Two football players Stanley Matthews and Tom Finney remain in my memory from my childhood when the game was much loved and widely respected, not least by me, in a way completely different from today. Both men received knighthoods, unusual in those days. Above all they brought skill and standards of excellence to their sport without the taint of riches. They are worthy heroes. News of Tom Finney's death at the age of 91 strikes an astonishing contrast with the culture of football today. Finney was a plumber and continued to run his business while he excelled on the field. He always played for the same club Preston North End. Compare that with the record of a modern footballer. Yet he is acknowledged as one of the greatest players of all time. Old men may lament that things ain't what they used to be. And sometime old men are are right.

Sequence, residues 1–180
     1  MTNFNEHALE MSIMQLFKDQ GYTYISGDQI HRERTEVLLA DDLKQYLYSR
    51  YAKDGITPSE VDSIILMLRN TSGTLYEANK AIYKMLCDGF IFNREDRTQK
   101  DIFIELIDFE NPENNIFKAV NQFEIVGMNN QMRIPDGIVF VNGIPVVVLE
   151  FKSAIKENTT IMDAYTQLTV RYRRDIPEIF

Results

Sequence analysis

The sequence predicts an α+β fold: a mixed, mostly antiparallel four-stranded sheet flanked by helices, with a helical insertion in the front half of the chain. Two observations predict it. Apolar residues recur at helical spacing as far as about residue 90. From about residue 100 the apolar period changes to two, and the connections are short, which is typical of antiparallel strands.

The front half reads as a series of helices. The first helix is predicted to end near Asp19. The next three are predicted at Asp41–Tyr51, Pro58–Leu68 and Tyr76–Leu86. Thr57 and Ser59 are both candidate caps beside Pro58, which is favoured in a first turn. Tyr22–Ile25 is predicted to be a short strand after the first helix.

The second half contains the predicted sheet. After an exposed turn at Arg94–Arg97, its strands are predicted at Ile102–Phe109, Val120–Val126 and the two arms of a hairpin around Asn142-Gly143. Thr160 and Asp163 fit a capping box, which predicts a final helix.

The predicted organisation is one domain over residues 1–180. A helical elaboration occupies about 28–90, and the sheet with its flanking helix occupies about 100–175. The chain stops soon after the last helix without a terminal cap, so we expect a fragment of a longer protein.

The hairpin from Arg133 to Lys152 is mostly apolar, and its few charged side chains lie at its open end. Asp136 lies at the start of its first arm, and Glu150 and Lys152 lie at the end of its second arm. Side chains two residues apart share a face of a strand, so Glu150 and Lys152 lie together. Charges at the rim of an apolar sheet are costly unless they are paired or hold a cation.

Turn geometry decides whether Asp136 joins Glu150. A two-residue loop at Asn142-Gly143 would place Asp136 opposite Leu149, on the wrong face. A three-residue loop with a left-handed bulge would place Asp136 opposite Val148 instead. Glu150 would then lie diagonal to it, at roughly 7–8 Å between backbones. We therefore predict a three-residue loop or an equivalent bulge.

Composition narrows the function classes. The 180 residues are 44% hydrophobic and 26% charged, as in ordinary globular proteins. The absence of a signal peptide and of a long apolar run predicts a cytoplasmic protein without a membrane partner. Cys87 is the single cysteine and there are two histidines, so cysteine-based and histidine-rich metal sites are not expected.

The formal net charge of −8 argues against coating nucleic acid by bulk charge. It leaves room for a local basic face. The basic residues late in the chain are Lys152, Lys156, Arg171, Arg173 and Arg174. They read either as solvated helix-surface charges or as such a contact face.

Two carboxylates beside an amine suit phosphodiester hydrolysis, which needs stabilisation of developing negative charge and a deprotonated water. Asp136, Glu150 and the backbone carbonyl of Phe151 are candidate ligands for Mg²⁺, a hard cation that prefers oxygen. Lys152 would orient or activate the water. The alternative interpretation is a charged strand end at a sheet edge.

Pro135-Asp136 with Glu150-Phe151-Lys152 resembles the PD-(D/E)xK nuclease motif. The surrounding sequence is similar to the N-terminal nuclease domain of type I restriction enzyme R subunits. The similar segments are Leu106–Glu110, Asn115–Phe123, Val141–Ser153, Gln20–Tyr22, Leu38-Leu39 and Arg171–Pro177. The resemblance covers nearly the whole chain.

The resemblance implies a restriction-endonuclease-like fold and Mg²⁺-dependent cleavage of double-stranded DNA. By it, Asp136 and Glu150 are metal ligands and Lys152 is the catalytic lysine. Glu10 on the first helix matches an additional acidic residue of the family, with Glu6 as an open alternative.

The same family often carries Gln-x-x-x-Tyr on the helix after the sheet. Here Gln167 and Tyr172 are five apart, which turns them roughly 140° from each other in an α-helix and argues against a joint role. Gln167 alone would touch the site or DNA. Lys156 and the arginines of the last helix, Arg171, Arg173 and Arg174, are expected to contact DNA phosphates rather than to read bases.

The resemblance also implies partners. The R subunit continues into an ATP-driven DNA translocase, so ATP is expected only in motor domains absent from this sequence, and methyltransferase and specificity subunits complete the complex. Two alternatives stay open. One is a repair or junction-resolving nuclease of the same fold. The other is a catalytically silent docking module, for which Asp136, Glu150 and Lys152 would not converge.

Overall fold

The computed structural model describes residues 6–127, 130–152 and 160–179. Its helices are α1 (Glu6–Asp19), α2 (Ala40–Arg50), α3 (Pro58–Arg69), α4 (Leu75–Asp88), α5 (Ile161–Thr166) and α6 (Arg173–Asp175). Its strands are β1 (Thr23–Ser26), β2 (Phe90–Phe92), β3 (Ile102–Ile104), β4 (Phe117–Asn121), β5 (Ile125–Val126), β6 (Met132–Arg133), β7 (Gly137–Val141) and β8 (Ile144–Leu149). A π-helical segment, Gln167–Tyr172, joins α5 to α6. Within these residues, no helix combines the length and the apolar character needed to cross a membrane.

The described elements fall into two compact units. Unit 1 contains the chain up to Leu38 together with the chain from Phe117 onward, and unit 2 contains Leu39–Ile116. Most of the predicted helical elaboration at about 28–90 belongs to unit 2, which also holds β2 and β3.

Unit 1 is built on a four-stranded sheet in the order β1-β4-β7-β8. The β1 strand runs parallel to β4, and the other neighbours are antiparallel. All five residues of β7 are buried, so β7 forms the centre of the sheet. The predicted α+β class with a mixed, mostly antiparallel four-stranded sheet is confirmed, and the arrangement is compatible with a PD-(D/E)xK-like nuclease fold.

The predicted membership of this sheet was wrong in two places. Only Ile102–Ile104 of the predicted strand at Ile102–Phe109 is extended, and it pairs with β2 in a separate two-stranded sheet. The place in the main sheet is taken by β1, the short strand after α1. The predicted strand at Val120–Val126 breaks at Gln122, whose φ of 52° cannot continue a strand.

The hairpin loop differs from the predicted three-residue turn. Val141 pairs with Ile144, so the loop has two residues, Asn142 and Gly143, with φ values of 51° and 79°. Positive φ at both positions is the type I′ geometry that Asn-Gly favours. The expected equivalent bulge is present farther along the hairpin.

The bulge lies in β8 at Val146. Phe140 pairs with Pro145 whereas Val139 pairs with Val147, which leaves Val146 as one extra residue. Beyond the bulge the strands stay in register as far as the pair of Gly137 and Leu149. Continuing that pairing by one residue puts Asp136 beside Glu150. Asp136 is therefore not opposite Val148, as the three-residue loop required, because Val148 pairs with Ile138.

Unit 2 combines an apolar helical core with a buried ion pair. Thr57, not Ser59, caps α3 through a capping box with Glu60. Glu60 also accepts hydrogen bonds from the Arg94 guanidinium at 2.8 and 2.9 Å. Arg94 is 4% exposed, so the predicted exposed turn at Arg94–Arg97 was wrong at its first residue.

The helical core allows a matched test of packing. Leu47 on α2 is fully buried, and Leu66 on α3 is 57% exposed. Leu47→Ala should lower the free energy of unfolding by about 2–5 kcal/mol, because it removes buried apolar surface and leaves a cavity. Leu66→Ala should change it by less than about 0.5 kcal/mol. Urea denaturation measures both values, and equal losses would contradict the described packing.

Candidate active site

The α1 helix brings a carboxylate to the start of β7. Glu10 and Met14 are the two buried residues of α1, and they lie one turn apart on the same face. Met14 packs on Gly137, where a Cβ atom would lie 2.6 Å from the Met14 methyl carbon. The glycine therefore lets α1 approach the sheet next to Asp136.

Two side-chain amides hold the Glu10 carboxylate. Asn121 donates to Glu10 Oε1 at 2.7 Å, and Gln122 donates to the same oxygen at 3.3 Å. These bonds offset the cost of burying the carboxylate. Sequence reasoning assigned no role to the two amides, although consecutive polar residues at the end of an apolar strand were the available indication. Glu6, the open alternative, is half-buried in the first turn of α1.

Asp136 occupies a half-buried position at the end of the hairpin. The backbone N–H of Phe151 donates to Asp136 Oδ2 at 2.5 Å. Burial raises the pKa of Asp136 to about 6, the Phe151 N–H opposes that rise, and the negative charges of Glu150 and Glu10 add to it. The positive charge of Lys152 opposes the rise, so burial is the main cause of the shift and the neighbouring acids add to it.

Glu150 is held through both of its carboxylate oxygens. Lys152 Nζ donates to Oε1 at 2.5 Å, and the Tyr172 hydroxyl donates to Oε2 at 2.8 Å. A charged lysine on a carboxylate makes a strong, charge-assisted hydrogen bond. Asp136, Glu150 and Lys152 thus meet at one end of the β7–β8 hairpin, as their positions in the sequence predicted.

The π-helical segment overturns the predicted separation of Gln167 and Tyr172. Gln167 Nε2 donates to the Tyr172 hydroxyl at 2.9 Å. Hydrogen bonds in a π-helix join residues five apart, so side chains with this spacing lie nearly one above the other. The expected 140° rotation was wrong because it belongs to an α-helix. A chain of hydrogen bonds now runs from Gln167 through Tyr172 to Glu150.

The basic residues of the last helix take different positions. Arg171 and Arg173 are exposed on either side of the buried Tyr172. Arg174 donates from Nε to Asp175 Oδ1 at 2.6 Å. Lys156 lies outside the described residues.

Thinking back on the recipes which my Mother cooked for us as children, a stained and battered cookbook comes to my mind this morning. It is by a food writer now forgotten called Elizabeth Craig. Its faded cover was mauve and I can just now picture it in the kitchen drawer where it was kept. From this book came the puddings and stews and pies which I remember form the years of World War 2 and the post war years. My Mother loved this food, which she was introduced to at school in England, where she arrived as a small child. She was good at producing it though it contrasted with the Middle Eastern and oriental recipes passed on to her by her own Mother. As I think about that forgotten book this morning it testifies to the curiously mingled culinary heritage which I have at my disposal and is now being pursued and augmented with new influences by my children.